After a few rave reviews from friends and a recommendation on the high sound quality for a live concert, I made the leap and got this Live in Europe ’67 box set (which includes a DVD of 2 dates as well) and was not disappointed.  This set of live recordings has definitely become my favorite of the group.  The sound quality is great for a live “bootleg”: not overly compressed, all instruments distinct and separated, and the bass prominent throughout (often a missing element in bootlegs/radio broadcasts).  The band is absolutely burning, and each song is marked by an exploratory fervor made even more brilliant by the group personnel having been together for three years.  This is the quintet with another level of freedom than you hear in the studio albums, and a few more years developed since the famed Carnegie Hall ‘64 Concert and ’65 Plugged Nickel recordings.  Tony Williams is on fire with marked dynamics and tempo superimpositions, complemented by Herbie throwing out interesting idea after idea. On practically every track, Herbie grabs my ear with fabulous accompaniment ideas, not to mention endings (a 5/4 pattern over Footprints, a 7/8 pattern over Agitation, and more). And from a musical perspective, it’s fascinating to hear 5 nights of music from a single tour with almost exactly the same setlist; hearing how the group approaches the same material with different ideas each night is a study in itself.  For me, this European set of live performances trumps the Plugged Nickel by far and features a Miles much more on top his game.  And from a historical perspective, the last acoustic quintet album Nefertiti was recorded in June/July of ’67;  these live dates stem from a European tour in Oct/Nov 67 and comprise the last recorded material I know of with the quintet in an acoustic format. This release is entitled Vol 1 and the liner notes hint of more concert releases on the way, so I am looking forward to more quality gems like this if they’re out there!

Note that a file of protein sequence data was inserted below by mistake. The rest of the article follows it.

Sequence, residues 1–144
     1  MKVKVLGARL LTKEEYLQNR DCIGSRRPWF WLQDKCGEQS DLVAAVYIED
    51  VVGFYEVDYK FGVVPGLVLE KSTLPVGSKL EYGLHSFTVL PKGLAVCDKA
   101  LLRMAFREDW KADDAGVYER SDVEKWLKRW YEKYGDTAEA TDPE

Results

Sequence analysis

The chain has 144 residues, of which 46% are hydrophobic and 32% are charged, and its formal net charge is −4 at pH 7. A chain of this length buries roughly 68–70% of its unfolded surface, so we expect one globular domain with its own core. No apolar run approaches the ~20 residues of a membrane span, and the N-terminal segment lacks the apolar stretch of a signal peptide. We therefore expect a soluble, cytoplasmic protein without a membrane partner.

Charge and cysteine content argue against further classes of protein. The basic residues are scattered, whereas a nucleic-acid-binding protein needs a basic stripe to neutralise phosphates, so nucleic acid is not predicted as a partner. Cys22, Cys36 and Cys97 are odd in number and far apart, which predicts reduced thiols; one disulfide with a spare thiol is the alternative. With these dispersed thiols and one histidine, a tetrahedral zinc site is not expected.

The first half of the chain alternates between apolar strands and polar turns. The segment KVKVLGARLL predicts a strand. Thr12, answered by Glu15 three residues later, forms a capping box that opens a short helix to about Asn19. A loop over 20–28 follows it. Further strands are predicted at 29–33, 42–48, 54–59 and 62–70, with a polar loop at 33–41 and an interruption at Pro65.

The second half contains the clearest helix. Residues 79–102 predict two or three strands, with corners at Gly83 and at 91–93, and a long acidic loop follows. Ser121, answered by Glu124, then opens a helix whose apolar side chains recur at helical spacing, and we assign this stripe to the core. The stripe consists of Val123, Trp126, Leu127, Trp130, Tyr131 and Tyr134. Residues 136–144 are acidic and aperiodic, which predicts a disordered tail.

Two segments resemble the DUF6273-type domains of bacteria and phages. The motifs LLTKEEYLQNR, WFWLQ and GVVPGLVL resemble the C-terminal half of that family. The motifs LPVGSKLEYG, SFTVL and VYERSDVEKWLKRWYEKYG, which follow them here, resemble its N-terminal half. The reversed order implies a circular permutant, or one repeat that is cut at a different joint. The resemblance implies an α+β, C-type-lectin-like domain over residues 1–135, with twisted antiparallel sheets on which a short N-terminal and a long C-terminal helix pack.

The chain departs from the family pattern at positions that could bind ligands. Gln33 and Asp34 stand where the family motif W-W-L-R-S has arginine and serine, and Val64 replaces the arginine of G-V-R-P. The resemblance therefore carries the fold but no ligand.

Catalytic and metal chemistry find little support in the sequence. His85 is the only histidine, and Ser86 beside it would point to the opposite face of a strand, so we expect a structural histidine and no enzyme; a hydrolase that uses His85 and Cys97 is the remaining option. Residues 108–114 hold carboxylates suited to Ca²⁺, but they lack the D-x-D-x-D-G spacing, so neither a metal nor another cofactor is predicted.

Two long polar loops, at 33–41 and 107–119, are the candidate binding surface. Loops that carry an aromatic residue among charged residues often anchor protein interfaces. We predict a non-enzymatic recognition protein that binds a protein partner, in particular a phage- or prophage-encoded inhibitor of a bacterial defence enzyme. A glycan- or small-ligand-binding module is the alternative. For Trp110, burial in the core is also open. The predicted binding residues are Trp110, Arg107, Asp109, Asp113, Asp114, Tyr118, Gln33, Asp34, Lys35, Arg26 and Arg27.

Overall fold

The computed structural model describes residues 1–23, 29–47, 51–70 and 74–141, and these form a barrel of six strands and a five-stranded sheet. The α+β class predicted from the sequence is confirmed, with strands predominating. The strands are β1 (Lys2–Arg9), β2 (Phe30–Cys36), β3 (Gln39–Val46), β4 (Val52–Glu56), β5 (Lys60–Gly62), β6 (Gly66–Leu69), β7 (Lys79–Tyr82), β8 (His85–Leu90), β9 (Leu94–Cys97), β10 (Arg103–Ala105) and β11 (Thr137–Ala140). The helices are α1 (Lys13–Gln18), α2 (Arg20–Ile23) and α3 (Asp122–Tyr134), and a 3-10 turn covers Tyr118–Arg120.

Now since the music is copyrighted, I can’t offer you a download, but I certainly can offer you a live bootleg from the same time period.  Here’s the Quintet on the same tour, from October 30th, 1967 in Rotterdam, also of high quality sonically and musically.  The files are in FLAC format, you can play them in XBMC, Play, or some similar media player (not supported on Itunes/Ipods). Or convert them to Mp3s with a program like Toast if you want Ipod compatibility.   Here’s the ’67 bootleg from that same tour: